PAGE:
The Easy Trick To Prevent Ice Crystals On Homemade Ice Cream

Just because summer's nearly out of season doesn't mean its signature dessert has to melt away. Ice cream is a delightful treat year-round that tastes just as good from its container as it does a cone. Yet while store-bought ice cream certainly does the trick, there's something extra fun about making a batch from scratch. Whether you're letting your base churn automatically or attempting ice cream sans a machine — yes, it's possible — you can whip up a perfectly creamy bowl of your favorite flavor.

To start out in your ice cream-making expenditure, you'll need a few baseline ingredients. Heavy cream or milk, sugar, and egg yolks are standard in most ice cream recipes regardless of your intended flavor. According to The Washington Post, egg yolks are especially important because they act as an emulsifier. They help bind ingredients and thicken the ice cream base to its ideal consistency. If you're opting to forgo yolks, however, this same emulsifying effect can be achieved by boiling your base.

Once you've gotten your base down, you can get experimental and incorporate cream cheese, flavor extracts, and chunky mix-ins. But no matter how delicious your ice cream may ultimately taste, its longevity is fickle and at the whims of temperature. Properly freezing your ice cream is therefore essential — and for that, you'll need to plan ahead.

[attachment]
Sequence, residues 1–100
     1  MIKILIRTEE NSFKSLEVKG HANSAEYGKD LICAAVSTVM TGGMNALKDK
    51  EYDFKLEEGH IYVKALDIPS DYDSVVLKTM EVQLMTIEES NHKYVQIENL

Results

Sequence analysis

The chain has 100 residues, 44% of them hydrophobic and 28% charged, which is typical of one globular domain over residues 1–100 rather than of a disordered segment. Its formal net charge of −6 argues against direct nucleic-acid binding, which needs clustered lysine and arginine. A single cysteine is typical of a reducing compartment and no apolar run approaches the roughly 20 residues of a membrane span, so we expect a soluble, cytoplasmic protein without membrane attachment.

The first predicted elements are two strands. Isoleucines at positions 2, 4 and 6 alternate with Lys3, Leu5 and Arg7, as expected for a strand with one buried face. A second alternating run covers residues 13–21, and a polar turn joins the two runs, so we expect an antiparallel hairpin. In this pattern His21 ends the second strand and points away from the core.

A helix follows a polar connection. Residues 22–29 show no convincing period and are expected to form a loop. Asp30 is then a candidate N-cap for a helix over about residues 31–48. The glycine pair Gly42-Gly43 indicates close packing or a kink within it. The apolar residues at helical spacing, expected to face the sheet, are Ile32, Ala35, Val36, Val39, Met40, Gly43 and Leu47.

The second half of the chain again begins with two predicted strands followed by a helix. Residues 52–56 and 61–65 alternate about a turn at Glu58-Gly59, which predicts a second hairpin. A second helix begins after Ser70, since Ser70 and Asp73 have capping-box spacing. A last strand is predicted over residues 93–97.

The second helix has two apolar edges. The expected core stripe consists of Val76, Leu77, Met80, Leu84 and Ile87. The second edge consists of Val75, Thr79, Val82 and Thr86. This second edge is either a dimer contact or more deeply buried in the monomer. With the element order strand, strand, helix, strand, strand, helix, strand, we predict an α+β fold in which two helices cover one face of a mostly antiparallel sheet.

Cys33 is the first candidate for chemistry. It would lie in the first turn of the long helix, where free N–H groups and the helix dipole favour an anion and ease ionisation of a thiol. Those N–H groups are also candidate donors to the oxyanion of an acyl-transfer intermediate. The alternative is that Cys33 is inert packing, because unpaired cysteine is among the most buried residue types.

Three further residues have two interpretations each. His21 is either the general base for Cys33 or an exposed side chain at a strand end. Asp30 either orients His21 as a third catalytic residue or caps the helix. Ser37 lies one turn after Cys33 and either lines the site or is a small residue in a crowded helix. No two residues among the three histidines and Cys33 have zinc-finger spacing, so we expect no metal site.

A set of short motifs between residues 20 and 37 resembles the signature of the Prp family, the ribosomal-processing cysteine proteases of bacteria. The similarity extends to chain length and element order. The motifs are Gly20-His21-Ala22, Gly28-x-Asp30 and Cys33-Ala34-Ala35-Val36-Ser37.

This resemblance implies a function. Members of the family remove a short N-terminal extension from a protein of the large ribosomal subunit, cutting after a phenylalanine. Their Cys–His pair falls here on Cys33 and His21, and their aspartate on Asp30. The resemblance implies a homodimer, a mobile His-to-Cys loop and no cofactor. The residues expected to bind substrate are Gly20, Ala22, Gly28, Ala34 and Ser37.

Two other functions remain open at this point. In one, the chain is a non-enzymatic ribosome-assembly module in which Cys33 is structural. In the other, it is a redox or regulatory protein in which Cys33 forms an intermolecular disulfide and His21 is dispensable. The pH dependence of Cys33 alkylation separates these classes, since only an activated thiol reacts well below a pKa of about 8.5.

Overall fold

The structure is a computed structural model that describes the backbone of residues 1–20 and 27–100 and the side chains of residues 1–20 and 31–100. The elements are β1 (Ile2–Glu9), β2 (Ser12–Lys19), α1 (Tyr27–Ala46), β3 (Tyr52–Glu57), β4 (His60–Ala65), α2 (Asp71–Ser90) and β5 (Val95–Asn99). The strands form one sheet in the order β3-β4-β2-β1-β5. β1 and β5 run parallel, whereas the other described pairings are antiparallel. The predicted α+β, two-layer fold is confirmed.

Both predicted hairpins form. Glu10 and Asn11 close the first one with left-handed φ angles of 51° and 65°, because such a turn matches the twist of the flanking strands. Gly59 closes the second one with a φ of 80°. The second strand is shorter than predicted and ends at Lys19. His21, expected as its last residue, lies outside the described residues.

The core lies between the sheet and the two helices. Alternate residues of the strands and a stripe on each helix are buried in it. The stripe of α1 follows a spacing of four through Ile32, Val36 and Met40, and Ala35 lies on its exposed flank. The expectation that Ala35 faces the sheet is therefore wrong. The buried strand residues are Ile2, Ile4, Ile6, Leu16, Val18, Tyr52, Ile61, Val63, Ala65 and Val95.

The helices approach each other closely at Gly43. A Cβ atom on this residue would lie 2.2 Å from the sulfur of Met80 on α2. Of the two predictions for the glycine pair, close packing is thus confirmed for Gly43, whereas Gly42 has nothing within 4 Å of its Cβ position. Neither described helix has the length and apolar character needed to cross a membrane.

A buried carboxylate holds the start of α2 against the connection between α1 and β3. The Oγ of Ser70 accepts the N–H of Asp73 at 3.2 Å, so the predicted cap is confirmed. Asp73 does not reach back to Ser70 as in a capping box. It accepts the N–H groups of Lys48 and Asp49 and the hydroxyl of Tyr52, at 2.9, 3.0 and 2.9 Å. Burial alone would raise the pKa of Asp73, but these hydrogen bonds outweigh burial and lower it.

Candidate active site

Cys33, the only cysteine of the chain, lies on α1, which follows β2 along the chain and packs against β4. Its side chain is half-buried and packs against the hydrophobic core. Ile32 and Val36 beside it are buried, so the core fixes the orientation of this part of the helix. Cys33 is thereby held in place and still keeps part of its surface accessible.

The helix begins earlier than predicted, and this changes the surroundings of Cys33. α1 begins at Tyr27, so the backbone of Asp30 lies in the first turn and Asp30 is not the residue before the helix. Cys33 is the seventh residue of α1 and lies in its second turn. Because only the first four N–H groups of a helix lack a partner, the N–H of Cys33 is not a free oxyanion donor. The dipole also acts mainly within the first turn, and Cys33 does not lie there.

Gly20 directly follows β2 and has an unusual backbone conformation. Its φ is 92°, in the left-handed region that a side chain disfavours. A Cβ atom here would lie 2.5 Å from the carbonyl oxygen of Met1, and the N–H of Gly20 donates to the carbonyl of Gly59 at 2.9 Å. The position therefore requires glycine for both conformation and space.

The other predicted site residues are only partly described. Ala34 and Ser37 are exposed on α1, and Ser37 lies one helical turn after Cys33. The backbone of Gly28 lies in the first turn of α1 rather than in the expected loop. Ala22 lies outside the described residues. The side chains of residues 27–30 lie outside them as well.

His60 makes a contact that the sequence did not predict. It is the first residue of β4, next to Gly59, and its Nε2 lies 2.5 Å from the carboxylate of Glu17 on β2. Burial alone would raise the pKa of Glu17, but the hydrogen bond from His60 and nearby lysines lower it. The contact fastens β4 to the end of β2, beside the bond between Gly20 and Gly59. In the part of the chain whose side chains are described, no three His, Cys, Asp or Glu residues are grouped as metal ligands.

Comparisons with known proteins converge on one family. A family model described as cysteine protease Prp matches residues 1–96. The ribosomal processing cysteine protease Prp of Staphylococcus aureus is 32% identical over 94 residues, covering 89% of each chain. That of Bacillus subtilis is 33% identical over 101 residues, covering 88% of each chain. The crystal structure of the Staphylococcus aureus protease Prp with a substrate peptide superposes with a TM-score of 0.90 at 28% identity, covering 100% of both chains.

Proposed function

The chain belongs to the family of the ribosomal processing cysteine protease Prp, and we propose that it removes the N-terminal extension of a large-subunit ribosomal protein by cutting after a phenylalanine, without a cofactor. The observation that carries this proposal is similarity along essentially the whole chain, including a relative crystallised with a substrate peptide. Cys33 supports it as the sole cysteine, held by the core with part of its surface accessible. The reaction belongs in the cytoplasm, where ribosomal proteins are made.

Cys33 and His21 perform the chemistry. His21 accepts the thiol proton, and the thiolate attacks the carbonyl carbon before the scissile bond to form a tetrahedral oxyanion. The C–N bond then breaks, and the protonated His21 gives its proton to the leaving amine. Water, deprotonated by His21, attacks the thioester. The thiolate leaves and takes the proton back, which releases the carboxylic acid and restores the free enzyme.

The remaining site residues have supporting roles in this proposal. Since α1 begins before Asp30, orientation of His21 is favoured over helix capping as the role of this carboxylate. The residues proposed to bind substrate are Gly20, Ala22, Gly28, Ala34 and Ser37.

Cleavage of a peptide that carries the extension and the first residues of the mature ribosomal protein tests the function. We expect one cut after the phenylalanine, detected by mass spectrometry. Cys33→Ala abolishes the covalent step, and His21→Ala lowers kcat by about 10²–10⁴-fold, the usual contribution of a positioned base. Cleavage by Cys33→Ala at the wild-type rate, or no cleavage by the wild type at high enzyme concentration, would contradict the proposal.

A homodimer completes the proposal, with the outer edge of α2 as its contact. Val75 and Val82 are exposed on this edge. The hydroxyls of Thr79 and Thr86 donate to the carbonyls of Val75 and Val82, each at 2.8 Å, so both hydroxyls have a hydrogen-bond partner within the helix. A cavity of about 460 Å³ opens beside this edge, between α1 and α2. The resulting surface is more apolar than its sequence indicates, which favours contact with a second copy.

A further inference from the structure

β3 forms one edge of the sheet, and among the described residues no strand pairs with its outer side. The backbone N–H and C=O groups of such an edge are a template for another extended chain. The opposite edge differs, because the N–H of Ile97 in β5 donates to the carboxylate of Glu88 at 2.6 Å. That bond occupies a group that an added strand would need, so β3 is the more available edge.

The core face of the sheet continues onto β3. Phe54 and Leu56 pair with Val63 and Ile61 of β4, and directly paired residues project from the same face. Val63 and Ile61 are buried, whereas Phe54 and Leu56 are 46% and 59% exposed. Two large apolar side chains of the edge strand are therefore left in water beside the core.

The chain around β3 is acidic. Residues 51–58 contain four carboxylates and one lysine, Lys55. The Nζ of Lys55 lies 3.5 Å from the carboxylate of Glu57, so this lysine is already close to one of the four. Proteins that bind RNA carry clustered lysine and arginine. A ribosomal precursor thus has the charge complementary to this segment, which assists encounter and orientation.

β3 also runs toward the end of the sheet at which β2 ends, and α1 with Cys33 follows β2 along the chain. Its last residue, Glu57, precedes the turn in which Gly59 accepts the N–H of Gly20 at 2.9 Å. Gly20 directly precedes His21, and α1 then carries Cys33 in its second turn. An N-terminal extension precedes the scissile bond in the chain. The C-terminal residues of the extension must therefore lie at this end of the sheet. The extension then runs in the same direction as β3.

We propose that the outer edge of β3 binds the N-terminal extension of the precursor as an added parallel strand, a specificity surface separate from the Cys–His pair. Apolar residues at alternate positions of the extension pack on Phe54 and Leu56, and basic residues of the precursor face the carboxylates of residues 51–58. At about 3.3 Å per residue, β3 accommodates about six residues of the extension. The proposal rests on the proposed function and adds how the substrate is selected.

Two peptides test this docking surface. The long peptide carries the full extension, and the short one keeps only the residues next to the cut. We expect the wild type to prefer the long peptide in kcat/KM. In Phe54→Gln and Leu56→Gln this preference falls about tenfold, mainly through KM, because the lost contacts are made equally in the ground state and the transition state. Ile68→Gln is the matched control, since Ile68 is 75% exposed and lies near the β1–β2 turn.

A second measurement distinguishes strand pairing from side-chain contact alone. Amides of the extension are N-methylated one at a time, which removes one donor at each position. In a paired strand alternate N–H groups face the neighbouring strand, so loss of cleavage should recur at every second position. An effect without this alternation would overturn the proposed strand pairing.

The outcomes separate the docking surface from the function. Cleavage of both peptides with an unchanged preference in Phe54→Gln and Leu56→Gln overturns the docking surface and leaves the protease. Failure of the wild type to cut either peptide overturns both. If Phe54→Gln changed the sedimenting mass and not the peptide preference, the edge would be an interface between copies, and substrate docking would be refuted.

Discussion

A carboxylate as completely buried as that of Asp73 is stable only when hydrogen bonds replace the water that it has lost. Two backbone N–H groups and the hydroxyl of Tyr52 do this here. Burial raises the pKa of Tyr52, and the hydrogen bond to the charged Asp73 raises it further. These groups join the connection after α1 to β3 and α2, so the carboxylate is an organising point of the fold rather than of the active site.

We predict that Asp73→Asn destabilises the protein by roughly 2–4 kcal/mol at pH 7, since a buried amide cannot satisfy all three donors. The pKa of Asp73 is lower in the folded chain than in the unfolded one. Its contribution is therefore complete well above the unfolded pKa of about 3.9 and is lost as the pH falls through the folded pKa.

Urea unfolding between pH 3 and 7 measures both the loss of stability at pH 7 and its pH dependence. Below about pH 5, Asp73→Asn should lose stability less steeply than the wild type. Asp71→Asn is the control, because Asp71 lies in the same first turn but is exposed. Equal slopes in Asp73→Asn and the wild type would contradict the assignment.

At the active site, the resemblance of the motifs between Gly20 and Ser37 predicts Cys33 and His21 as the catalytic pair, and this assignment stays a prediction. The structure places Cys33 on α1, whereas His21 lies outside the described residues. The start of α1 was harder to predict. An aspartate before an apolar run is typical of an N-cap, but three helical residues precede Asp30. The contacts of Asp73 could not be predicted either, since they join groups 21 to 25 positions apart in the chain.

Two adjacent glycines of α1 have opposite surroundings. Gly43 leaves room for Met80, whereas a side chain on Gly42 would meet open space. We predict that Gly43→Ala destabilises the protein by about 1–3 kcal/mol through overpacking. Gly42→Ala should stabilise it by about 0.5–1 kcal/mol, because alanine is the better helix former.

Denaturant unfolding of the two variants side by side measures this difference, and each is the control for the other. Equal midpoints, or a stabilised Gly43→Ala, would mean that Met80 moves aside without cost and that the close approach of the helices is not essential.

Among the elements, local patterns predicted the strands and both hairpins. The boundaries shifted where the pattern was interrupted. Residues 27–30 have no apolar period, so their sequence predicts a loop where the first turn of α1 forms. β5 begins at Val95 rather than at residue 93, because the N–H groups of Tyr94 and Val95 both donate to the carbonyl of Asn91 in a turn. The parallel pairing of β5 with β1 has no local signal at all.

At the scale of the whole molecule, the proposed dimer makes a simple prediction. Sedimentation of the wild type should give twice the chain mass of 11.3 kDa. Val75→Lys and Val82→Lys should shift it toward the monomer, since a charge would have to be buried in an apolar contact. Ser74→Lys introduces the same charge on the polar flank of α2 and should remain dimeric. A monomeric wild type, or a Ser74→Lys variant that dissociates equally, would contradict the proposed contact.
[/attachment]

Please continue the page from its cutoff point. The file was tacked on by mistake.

Chill your container – and your base – throughout the process

Here's one tip that's crystal clear: chill your ice cream and its container. 

It may sound obvious, because of course ice cream requires freezing. But that doesn't mean you can just stick your ice cream in the freezer once it finishes churning. According to Martha Stewart, homemade ice cream should be kept cold at all stages of the process. The base should be chilled before it even reaches the ice cream machine, which will keep ice crystals small during the churning period.

Per The Washington Post, you should also pre-freeze your ice cream container and its lid — as well as ingredient mix-ins. The colder you keep everything, the smaller the ice crystals that form.

"Make sure the storage container is fully chilled before you put the ice cream inside of it," chef Fany Gerson of ice cream shop ​​La Newyorkina told Food & Wine. "The coldness of the container will help prevent ice crystals from forming on the ice cream itself."

So keep your ice cream chilled — but your fudge hot. You'll be passing around crystal-free sundaes in no time.